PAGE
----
Olympus has long been an industry leader when it comes to producing small cameras. Their "Pen" series of 35mm half-frame cameras were small before small was cool, and the Olympus OM1 was the very first downsized SLR. After its introduction in 1990, the rugged little clamshell Stylus quickly became the 35mm P&S camera of choice for adventurous backpackers, Eurail train pass devotees, and serious travelers. This amazing popularity was due to the camera's reputation for rugged dependability and excellent image quality.
Build and Design
The earliest digital Stylus models retained the compactness and durable construction of that original "clamshell" Stylus and added twenty-first century imaging technology. With the new Stylus 1, Olympus combines tradition and innovation to create an attractive, versatile, and feature-rich digital camera that is a worthy successor to all the Stylus models that came before. The newest digital Stylus retains much of the style, charm, elegance, durability, and usability of its 35mm and digital predecessors and adds a (12.8 megapixel) 1/1.7-inch backlit CMOS sensor, a tilting 3.0-inch touchscreen LCD, an electronic viewfinder, a hotshoe, advanced Wi-Fi capabilities, a nifty control ring with a variety of function options including changing apertures, a customizable sub-dial on the top deck, a brand new 10.7x Zuiko optical zoom lens with a fixed (constant) f/2.8 maximum aperture from 28mm (equivalent) to 300mm (equivalent).
Almost everybody has heard the phrase "bridge camera" (an imaging device that bridges the gap between two distinctly different types of camera) and in my humble opinion that phrase has been heavily (and often incorrectly) overused. The new Stylus one is a perfect example of a true bridge camera. The Stylus 1's slightly larger than average CMOS sensor comes from the Olympus premium compact XZ-2 camera and the Stylus 1's TruePic VI image processor is the same unit that drives the OM-D E-M5 MILC (mirrorless interchangeable lens camera). The new f2.8 (constant aperture) 10.7x zoom was designed specifically to maximize the image quality results of combining those two components. Build quality is first rate utilizing a tough and durable combination of lightweight metal alloy and polycarbonate body shell over a metal frame. Weather and dust seals appear to be more than adequate.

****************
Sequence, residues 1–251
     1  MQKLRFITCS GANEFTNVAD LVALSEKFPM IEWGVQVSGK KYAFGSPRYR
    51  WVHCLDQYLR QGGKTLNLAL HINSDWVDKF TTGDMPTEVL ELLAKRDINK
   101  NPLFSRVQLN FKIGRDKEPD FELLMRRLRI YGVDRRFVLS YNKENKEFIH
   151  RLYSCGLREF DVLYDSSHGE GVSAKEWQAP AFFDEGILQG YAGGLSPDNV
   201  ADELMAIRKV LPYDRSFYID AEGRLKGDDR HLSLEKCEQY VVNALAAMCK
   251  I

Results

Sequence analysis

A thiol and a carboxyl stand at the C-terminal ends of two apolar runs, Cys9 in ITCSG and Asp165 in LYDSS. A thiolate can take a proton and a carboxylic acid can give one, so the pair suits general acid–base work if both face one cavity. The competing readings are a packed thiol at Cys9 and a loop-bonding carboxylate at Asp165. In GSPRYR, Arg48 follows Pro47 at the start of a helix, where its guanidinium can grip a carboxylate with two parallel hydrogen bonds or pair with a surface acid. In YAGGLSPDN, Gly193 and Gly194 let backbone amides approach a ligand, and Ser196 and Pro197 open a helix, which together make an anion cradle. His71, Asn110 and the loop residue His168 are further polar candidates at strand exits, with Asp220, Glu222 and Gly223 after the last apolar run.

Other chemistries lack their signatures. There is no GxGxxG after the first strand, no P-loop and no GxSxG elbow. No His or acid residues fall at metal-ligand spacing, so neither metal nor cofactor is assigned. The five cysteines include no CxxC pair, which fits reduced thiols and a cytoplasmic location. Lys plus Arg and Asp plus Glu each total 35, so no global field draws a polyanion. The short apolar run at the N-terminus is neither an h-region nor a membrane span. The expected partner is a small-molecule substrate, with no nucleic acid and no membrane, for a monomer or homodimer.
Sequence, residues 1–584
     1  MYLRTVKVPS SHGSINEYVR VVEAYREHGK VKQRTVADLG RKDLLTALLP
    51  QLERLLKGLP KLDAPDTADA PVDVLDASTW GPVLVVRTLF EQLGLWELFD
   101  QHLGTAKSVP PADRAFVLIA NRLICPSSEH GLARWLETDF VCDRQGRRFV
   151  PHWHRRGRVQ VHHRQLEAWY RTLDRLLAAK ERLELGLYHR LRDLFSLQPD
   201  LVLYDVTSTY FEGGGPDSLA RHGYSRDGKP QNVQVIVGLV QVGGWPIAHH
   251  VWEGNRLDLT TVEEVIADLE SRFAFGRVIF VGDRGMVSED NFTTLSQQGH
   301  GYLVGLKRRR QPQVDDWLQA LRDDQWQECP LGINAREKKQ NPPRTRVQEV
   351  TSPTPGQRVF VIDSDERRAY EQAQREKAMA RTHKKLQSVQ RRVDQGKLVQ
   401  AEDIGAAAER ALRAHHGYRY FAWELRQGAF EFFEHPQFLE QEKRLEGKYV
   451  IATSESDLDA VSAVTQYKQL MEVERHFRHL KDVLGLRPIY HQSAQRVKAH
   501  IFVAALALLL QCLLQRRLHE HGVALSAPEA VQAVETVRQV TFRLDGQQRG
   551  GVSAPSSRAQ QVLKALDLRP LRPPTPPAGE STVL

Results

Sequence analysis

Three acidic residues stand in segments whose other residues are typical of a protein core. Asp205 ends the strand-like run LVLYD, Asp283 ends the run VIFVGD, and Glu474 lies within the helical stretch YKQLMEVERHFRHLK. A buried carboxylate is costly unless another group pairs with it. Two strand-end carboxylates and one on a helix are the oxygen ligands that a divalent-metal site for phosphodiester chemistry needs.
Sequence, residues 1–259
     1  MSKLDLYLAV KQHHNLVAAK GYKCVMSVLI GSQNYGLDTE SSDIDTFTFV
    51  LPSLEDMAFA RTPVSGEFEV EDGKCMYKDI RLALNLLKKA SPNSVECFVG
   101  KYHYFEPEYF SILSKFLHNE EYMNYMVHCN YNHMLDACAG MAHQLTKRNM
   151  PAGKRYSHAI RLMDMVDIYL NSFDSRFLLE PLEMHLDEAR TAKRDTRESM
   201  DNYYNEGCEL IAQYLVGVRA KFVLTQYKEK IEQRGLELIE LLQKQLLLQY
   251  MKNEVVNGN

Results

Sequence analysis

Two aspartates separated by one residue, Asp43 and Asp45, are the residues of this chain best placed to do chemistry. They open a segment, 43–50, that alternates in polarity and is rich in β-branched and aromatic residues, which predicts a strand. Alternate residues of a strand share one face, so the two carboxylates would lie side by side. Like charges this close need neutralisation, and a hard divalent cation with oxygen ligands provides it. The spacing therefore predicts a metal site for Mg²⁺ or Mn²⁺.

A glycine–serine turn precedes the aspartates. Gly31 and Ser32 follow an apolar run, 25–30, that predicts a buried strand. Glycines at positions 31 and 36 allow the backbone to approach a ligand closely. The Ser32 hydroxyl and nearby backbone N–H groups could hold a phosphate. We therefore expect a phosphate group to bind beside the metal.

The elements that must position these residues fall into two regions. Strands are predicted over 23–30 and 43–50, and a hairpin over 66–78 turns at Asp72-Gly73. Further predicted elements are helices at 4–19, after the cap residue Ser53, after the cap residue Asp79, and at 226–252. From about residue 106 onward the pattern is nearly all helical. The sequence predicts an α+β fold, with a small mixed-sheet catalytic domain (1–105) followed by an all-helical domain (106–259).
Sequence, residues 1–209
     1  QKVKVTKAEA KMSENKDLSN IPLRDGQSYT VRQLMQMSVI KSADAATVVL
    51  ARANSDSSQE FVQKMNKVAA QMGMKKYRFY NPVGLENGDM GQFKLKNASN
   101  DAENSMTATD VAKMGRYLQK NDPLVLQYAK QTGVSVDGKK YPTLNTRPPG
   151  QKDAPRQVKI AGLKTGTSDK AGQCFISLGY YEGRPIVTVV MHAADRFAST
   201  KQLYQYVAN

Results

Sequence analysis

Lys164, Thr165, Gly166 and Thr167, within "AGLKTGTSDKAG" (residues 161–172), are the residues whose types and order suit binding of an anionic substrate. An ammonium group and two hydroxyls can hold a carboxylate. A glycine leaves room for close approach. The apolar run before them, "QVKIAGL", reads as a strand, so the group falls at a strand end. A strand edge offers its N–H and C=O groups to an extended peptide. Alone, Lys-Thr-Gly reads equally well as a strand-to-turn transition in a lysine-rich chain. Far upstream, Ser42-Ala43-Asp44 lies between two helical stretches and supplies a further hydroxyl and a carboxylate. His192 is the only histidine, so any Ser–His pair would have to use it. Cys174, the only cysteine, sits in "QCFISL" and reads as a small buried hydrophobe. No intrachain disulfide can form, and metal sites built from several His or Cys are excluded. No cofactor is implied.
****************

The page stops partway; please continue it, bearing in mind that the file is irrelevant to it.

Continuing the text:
Ergonomics and Controls
Bigger cameras provide larger buttons, a better grip, and more stable handling, but bigger cameras are also heavier/bulkier and many shooters simply prefer smaller cameras. I really liked the well thought out Stylus 1 control array. The Stylus 1's user interface is logical and uncomplicated - all buttons and controls are a bit small, but they are all clearly marked, sensibly placed and easily accessed. The Stylus 1 also features a nifty manual control ring. The control ring surrounds the base of the zoom lens and enables users to choose from a variety of functions and then adjust/modify those functions by turning the click-stopped ring either right or left. The zoom control ring adds yet another way to make the Stylus 1 a unique reflection of the photographer's personal vision. One final note--unlike many of its P&S and MILC competitors, the Stylus 1 provides a real handgrip for improved handling and camera stability and a secondary zoom control (perfectly positioned on the left side of lens housing) for zooming in vertical format.